This movie is a debut film for a martial-artist, turned actor, not the other way around. Van Damme, despite his critics, was actually a well-accomplished martial-artist, that happened to be good looking, and also possessed some charisma. Another point that I think really gets lost in the fold, is that if you have zero appreciation for martial-arts, the mental and physical training, the spirituality of the art, and the metaphysical properties of the art when practiced at the highest level, then this film will simply fall on your deaf ears and blind eyes.
There is something sincere and authentic about this film that resonates with me each time I watch it. I feel this movie knows it's not just about the fighting, but also the mental and spiritual side of martial-arts. If it feels a bit Hollywood, that's because it is. This is not a training video on martial-arts, it's a big-screen movie, so it has to be entertaining to all, and not just the martial-arts enthusiasts. To me, the acting is irrelevant. Bloodsport does it's absolute best in trying to capture the essence of world-class martial-arts in the competitive arena. Statistically, the fighting scenes comprise a fairly small section of the film, although the scenes are memorable. The film is really about a guy honoring his shidoshi (trainer and mentor) while he (the shidoshi) is on his death bed. The significance does not lie simply in someone going to fight full-contact to honor someone. The significance rather, is contained in the fact that Dux was not Japanese, yet became a master of something inherently sacred to the Japanese culture. The film really is about transcendence across cultural boundaries. Van Damme may be awkward in many things, but the seriousness never wavers when the martial-arts are concerned. There is an intense focus going on, that captivates the audience, unless of course, you're still waiting for foi gras on that street taco.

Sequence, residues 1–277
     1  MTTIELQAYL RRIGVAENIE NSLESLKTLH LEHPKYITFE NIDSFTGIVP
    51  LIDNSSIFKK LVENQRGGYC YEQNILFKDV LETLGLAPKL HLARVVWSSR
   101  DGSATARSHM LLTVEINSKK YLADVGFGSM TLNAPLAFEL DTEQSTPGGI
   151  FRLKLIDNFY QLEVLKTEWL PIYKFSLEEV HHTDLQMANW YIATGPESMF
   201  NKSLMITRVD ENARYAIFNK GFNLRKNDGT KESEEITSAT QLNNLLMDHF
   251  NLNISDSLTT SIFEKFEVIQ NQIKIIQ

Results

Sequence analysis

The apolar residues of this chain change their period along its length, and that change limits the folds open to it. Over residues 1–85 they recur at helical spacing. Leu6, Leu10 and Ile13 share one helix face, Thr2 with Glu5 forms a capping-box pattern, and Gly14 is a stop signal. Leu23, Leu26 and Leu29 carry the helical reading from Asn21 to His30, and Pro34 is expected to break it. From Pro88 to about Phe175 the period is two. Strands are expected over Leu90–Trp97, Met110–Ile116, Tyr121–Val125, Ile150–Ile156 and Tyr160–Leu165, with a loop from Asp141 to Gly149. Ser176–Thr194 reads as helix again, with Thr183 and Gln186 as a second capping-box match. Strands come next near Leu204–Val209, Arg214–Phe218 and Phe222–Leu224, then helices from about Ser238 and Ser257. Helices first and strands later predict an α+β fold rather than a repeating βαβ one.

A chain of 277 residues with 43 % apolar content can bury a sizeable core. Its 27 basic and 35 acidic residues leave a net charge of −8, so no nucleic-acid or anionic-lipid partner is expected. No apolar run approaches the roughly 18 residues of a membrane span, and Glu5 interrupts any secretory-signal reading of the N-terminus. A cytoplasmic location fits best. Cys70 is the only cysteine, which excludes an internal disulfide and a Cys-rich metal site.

This film is all about contrasts, yet bridging that gap in the end. The foil for that whole concept, aside from Dux, is the guide Mr. Luu (the guide into Kowloon City). The guy is Chinese, through and through, yet he speaks english with correct colloquialisms, and is very in tune with Western culture; and that is what makes his character so memorable. He's a hodgepodge of cultures that identifies with many.